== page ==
Genre: YA Contemporary
Publisher: Hot Key Books
Release Date: 7th May 2019
Author Website: Elizabeth Acevedo’s Website
With her daughter to care for and her abuela to help support, high school senior Emoni Santiago has to make the tough decisions, and do what must be done. The one place she can let her responsibilities go is in the kitchen, where she adds a little something magical to everything she cooks, turning her food into straight-up goodness. Still, she knows she doesn’t have enough time for her school’s new culinary arts class, doesn’t have the money for the class’s trip to Spain — and shouldn’t still be dreaming of someday working in a real kitchen. But even with all the rules she has for her life — and all the rules everyone expects her to play by — once Emoni starts cooking, her only real choice is to let her talent break free.
I was drawn to this book by its absolutely gorgeous cover, designed by the incredibly talented Erin Fitzsimmons. Please check out her website if you’re interested in more of her covers! She’s done some amazing work. I mean, look at this.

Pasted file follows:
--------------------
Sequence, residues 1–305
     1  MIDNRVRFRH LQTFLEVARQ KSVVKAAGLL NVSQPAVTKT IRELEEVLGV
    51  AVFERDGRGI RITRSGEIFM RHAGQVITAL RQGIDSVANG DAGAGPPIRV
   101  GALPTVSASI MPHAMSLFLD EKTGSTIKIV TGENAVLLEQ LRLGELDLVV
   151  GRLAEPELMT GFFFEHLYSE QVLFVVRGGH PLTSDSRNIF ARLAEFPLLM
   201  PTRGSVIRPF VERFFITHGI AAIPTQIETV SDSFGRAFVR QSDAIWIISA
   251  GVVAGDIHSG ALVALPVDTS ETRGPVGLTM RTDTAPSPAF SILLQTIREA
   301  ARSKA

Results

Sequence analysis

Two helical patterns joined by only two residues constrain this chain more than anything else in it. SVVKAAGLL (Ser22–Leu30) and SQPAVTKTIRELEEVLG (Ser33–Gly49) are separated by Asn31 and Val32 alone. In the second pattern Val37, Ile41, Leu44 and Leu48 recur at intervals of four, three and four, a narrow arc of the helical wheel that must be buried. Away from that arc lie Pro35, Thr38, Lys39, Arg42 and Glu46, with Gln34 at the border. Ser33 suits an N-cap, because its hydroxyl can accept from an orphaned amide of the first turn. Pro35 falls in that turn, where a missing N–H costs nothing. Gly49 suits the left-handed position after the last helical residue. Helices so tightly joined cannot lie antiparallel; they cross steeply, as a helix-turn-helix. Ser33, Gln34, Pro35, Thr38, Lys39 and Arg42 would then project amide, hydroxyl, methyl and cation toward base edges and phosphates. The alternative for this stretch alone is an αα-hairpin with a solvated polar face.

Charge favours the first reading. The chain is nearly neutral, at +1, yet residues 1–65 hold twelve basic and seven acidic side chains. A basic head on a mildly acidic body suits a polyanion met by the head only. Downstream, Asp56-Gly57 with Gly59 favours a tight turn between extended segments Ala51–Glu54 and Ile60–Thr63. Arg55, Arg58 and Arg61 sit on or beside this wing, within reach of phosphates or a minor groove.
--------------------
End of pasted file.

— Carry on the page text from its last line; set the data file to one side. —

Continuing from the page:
But you can just take one look at this book and know that it’s pretty, so let’s get into the content.
For me, the really unique aspect of the story (when I first started reading) was the fact that the main character, Emoni, has a daughter. Being a teenage mother isn’t something I see in a lot of books (maybe I’m just looking in the wrong places) but it’s something that so many young people go through, or know someone who has, and there’s so little representation of it.
I loved how teenage motherhood was represented in this book. Emoni’s daughter, Emma AKA Babygirl, is an absolute sweetheart and I loved the interactions between her and Emoni, and Emoni’s abuela. It was just so soft and gentle and real, without being sickly sweet. But despite baby Emma being a big part of the story and an enormous part of Emoni’s life, it is still very much Emoni’s story, and she is what I loved the most about this book.
This was something I saw in an interview with Elizabeth Acevedo (watch here!), where she spoke about how many stories centre on whether or not a teenage girl is going to keep the baby and/or how she deals with the pregnancy. But Acevedo wanted to write about what happens after, when the baby is here and life changes and continues. In her words:
‘With the Fire on High is about Emoni Santiago, who is an Afro-Puerto Rican aspiring chef from Philadelphia who is also a teen mother’.
Emoni is one of those protagonists who you can’t help but root for. She has the perfect balance of ambition and uncertainty, and following her through the culinary arts class and the opportunities it brings her was just a total joy. I don’t think I’ve smiled so hard at a book all the way through before.